I’m with a majority of my friends…hell, with the general populous…in feeling that 2016 (for the most part) sucked gigantic donkey balls. The Presidential Election became and continues to be the longest running SNL sketch in American history…though we’re only laughing through our tears. Don’t even get me started on all the amazingly talented, seminal figures we lost, from David Bowie to Prince–Carrie Fisher and Debbie Reynolds in the same week?? Oh come on!! No wonder somebody started a Go Fund Me page to protect Betty White from 2016. Laura probably would’ve done one for Bill Murray or Billy Idol.
For me personally, it was an often bumpy road to 2017, full of unexpected twists and turns–leaving a job that no longer gave me joy, in search of other unexplored opportunities with no safety net, then suddenly handed an offer I ultimately couldn’t refuse. A roller coaster ride? You betcha! But I guess you can say I’m a little bit of a thrill seeker, even if the ride sometimes makes me a little nauseous…it’s better than being bored or uninspired. That is not to say there aren’t parts of 2016 I would like to forget (like all the hateful political rhetoric and the outcome of the Presidential Election). Unfortunately, neither I nor others in possession of a reasonably sane intellect can pretend that egomaniacal half-wit who looks like a human Cheeto with a bad combover is even remotely capable of running the country.
So the best thing we can do is start over–take what we’ve got and try to turn it into something new, something positive. It’s not about reinventing the wheel, but imagining a better one. Or, how do we take something that is tired or broken and give it new purpose? While society is always looking for the shiny and new, eager to throw away anything that has lost its luster, there is something to be said about creative repurposing. That certainly the case for me when it comes to cooking and baking, whether at home or at work.
I wouldn’t exactly say that I’m necessarily frugal, but I do hate wasting product, especially when I can be creative and come up with ways to use surplus ingredients. Case in point, I generated copious amounts of egg whites making gallons of chocolate mousse in December. Freezer space was limited so I couldn’t freeze all of the whites to save them for later use. Instead of tossing out the surplus, I decided to make meringue roulades for the New Year’s Eve dessert. Filled with sumptuous cheesecake mousse, brandied cherries and bittersweet chocolate curls they were a delectably sweet elegant way to ring in the New Year.
For Christmas, I opted to make two flavors of meringue roulade instead of my traditional Buche de Noel, making use of ingredients I had available in the refrigerator and pantry–a vanilla meringue roulade with white chocolate mousse and (frozen) raspberries and a coffee meringue roulade (flavored with espresso powder) with whiskey-spiked coffee creme, dusted with cocoa. Both were extremely easy to make and well-received.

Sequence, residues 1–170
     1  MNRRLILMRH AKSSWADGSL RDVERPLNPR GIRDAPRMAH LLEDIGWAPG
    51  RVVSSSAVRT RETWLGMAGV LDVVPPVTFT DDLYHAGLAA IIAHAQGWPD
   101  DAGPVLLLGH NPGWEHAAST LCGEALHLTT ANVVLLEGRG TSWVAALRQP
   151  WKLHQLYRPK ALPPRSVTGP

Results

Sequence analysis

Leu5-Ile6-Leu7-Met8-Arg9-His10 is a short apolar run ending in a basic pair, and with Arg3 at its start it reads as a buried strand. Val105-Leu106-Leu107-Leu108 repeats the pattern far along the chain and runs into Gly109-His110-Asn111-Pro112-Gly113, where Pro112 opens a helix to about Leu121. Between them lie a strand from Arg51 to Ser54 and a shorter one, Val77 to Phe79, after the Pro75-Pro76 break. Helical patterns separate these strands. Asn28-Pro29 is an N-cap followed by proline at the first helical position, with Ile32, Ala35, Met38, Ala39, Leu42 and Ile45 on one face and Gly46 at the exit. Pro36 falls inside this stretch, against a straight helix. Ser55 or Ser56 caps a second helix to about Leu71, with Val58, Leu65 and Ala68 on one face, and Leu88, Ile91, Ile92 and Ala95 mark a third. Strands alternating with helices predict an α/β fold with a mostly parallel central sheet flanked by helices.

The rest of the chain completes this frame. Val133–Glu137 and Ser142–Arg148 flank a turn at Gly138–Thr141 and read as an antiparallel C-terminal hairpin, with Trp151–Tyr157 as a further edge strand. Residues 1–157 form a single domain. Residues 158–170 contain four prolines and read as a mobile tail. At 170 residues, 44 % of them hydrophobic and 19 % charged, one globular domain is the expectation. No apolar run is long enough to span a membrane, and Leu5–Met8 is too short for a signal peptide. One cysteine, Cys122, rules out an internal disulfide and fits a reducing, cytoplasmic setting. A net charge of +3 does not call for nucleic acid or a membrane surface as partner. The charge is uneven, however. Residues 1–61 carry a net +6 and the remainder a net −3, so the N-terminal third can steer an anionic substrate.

Unlike crispy meringue, which requires low and slow baking and can take twice long as to make, the softer meringue roulade sheets take just about 25 mins. to bake. Once filled the roulades can be frozen until ready to be thawed and served, making it a versatile make ahead dessert. Next time you find yourself with too many egg whites, just roll with it and bake a meringue sheet.
Meringue Sheet for Roulade
Yield: 1 half sheet
- 5 large egg whites (5 oz.), room temp.
- 1 1/4 cup sugar
- 1/8 tsp. sea or kosher salt
- 1 tsp. vanilla extract
- optional, 1 tsp. espresso powder or instant coffee, or 2 Tbsp. cocoa powder, or zest of 1 lemon
Preheat the oven to 350°F. Whip the egg whites and salt to soft peaks on high speed, then reduce to medium speed and gradually beat in the sugar a little at a time. Once all the sugar is incorporated, increase to high speed again and whip the whites until stiff and glossy. Beat in the vanilla. *Fold in any additional flavorings. Spread the meringue out evenly onto a lightly greased and parchment-lined half sheet pan.
Bake the meringue for about 12 mins. or until lightly golden, then reduce the heat to 325°F and continue baking for another 12-15 mins. or until the surface of the meringue feels firm to the touch but the inside is still pliable.
Loosen the edges with the tip of a paring knife, then invert the meringue sheet onto a sheet of parchment paper dusted with powdered sugar and peel off the underlining parchment from the meringue. Drape a clean dishtowel over the meringue and allow it to cool for 10-15 mins.
For a simple filling, whip 1 cup heavy cream with 3 Tbsp. powdered sugar and 1 tsp. vanilla extract for medium stiff peaks. Spread a layer of the whipped cream onto the meringue, leaving a 1 inch border all around. Top with fresh or frozen berries and a sprinkling of toasted sliced almonds. Starting with the edge closes to you, gently fold the border over the filling and carefully roll the meringue, lifting the parchment as you roll to help guide the roulade along. Tuck the parchment over and under the roulade and twist the ends to securely seal in the roulade. If you are planning to freeze the roulade, wrap it in an extra layer of foil. Freeze or chill the roulade (seam side down) in the refrigerator for at least 4 hours to firm up. Dust the roulade with more powdered sugar (or cocoa) before serving.